Deletion of aquaporin-4 improves capillary blood flow distribution in brain edema

Luca Bordoni, Anna E. Thoren, Eugenio Gutiérrez-Jiménez, Knut S. Åbjørsbråten, Daniel M. Bjørnstad, Wannan Tang, Mette Stern, Leif Østergaard, Erlend A. Nagelhus, Sebastian Frische, Ole P. Ottersen, Rune Enger*

*Corresponding author for this work

Research output: Contribution to journal/Conference contribution in journal/Contribution to newspaperJournal articleResearchpeer-review


Brain edema is a feared complication to disorders and insults affecting the brain. It can be fatal if the increase in intracranial pressure is sufficiently large to cause brain herniation. Moreover, accruing evidence suggests that even slight elevations of intracranial pressure have adverse effects, for instance on brain perfusion. The water channel aquaporin-4 (AQP4), densely expressed in perivascular astrocytic endfeet, plays a key role in brain edema formation. Using two-photon microscopy, we have studied AQP4-mediated swelling of astrocytes affects capillary blood flow and intracranial pressure (ICP) in unanesthetized mice using a mild brain edema model. We found improved regulation of capillary blood flow in mice devoid of AQP4, independently of the severity of ICP increase. Furthermore, we found brisk AQP4-dependent astrocytic Ca2+ signals in perivascular endfeet during edema that may play a role in the perturbed capillary blood flow dynamics. The study suggests that astrocytic endfoot swelling and pathological signaling disrupts microvascular flow regulation during brain edema formation.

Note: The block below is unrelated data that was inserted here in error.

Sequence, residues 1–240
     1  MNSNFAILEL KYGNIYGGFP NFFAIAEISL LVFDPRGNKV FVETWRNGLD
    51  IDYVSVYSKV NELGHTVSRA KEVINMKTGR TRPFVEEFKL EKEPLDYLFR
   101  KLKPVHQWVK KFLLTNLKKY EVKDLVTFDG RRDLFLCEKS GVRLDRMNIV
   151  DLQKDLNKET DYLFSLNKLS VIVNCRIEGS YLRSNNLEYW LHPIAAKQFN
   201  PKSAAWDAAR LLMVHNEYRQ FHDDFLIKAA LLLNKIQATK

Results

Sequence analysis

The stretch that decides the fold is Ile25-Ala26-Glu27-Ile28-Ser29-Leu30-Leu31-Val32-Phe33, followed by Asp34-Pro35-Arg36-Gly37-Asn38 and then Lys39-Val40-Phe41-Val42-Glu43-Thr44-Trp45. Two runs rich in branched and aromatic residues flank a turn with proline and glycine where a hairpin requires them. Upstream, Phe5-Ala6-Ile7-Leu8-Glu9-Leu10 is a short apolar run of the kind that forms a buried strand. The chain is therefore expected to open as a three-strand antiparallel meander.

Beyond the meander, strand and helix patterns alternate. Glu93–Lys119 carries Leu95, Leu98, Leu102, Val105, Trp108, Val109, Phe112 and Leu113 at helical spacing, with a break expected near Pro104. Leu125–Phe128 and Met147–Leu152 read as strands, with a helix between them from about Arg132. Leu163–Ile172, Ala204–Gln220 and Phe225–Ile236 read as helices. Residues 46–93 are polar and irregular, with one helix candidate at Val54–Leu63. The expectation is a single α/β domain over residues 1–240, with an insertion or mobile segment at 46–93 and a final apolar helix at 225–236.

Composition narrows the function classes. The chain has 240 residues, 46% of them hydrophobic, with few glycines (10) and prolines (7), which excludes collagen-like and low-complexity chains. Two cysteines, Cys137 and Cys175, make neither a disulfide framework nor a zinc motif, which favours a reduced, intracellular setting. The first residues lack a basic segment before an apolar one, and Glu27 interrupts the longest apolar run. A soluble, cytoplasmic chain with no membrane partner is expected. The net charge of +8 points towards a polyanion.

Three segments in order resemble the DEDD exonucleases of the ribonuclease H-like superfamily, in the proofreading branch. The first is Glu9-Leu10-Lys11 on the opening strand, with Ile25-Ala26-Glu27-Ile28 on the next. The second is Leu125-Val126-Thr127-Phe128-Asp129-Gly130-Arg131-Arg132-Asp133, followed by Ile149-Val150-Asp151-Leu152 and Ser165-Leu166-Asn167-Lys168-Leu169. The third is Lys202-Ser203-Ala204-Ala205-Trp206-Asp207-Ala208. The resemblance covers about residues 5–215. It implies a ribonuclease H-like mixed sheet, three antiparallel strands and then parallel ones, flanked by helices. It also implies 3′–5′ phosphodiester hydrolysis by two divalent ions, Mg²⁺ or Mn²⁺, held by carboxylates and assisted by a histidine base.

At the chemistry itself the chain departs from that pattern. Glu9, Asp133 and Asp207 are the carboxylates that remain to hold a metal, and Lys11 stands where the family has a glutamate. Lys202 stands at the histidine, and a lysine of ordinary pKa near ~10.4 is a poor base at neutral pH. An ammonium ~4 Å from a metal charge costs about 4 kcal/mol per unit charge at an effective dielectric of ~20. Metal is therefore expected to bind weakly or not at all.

Original languageEnglish
Pages (from-to)2559-2572
Number of pages14
Publication statusPublished - Nov 2023


  • astrocyte endfoot
  • brain edema
  • Ca signals
  • capillary blood flow
  • intracranial pressure


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